Even though I feel I have the best job in the world, motivating people, changing their lives and making them feel good about themselves; people don’t usually reciprocate. So I make a point every day to let myself know how incredible I am, and that I am making a difference in this world, no matter how small it is.
“This is my last; never again,” these were the words I had during a brief moment of sanity in June…eight hours later I signed up for another one; clearly I had regained my loss of sanity.
I remember being eight years old and flipping through the channels on a Sunday afternoon and coming across NBC or ABC and seeing the Gatorade Ironman. Watching in amazement I said, “Daddy what is this?” He didn’t know, living in a small town in the mid-west we had never seen or heard of such a thing. It was the most amazing thing I had ever seen anyone do. Sitting there with tears in my eyes; as a kid I didn’t know why it brought tears to me, I wasn’t a crier, but watching the race that day gave me a feeling I had never experienced before. There was nothing more I wanted to do than to try one of those races…whatever is was.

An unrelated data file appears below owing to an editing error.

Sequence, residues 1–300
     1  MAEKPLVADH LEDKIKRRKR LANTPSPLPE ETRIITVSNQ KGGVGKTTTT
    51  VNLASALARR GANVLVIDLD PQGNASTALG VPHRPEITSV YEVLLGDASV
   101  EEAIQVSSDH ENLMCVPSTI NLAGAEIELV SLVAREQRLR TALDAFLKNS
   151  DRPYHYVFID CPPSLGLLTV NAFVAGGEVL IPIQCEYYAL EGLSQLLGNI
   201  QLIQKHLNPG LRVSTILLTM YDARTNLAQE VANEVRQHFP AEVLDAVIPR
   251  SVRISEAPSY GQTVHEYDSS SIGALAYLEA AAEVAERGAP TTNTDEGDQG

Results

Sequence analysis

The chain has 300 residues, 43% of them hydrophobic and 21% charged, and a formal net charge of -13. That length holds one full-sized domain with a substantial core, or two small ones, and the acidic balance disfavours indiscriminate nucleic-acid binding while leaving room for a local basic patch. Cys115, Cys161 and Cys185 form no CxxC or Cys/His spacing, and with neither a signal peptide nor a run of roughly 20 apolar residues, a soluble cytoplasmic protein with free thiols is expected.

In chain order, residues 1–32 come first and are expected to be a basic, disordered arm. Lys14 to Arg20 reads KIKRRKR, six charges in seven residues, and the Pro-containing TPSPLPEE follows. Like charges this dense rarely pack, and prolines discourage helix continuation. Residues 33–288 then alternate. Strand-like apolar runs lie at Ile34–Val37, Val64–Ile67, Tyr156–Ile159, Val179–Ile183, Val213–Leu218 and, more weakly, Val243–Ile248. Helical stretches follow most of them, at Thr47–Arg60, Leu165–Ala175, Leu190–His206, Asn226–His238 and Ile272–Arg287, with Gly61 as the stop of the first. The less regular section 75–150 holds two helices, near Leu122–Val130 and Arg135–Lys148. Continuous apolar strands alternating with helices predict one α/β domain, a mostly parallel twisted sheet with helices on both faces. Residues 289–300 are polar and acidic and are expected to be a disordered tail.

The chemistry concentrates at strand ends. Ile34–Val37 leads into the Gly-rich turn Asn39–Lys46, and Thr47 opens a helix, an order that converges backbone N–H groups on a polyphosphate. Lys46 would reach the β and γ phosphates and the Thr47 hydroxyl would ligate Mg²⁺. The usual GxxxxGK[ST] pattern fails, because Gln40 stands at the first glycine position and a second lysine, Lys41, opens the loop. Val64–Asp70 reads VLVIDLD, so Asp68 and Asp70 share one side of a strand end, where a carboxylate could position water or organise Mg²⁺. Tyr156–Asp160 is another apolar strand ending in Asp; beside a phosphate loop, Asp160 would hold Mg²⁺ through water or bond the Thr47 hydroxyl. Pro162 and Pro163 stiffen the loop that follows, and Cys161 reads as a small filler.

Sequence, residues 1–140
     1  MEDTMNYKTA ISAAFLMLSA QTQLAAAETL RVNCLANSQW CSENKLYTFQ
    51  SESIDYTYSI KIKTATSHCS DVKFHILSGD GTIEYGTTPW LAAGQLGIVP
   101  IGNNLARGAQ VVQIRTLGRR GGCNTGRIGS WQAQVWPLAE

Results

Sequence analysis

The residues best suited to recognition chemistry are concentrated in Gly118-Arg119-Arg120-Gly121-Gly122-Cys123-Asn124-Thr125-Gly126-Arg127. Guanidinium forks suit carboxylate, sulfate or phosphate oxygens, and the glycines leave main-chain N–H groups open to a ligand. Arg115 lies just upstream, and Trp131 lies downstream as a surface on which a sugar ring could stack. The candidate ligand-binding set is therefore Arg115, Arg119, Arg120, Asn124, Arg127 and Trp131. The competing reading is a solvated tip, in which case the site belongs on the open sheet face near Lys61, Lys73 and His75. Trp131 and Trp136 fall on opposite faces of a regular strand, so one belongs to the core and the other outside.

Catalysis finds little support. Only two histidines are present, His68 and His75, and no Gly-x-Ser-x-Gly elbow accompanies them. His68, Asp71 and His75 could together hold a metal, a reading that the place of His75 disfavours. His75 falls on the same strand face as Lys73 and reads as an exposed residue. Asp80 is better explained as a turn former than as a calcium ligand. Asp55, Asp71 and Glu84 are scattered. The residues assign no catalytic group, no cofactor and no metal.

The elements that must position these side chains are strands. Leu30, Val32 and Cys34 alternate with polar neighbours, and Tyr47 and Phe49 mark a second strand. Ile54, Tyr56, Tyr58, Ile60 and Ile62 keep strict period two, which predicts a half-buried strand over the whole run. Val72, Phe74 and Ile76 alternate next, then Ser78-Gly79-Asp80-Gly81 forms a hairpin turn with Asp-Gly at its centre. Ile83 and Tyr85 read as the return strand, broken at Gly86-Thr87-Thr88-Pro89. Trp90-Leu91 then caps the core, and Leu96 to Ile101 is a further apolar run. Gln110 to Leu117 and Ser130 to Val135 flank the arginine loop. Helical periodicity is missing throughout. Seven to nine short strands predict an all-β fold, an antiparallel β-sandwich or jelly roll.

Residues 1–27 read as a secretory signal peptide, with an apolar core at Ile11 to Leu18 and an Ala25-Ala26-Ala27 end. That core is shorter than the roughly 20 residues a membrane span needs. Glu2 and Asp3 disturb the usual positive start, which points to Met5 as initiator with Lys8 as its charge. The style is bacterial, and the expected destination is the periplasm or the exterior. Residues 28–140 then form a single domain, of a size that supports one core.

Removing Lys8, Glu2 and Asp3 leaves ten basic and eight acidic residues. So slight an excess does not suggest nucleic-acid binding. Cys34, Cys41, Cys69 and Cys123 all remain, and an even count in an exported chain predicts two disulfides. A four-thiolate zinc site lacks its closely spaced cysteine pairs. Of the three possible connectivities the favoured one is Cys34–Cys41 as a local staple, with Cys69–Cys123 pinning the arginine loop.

It took about 10 years to pass before the sport of triathlon to reached Indiana and I learned what an Ironman was. By this time I had graduated from high school and having been an athlete throughout my childhood and adolescence (a gymnast, sprinter and diver who rode her bike to town throughout the summer), I signed up for a race and thought this would be a piece of cake. I couldn’t have been more wrong…doing a sprint triathlon was the toughest thing I had ever done! Running 3.1 miles is a lot different from running a 400 meter dash and swimming 800 meters is even more different from swimming to the side of the pool after completing a dive. I was more amazed in having survived the sprint triathlon than what I was that day I had watched those athletes completing the Ironman on TV. I was 19 and knew nothing; I did my one triathlon and got on with my life.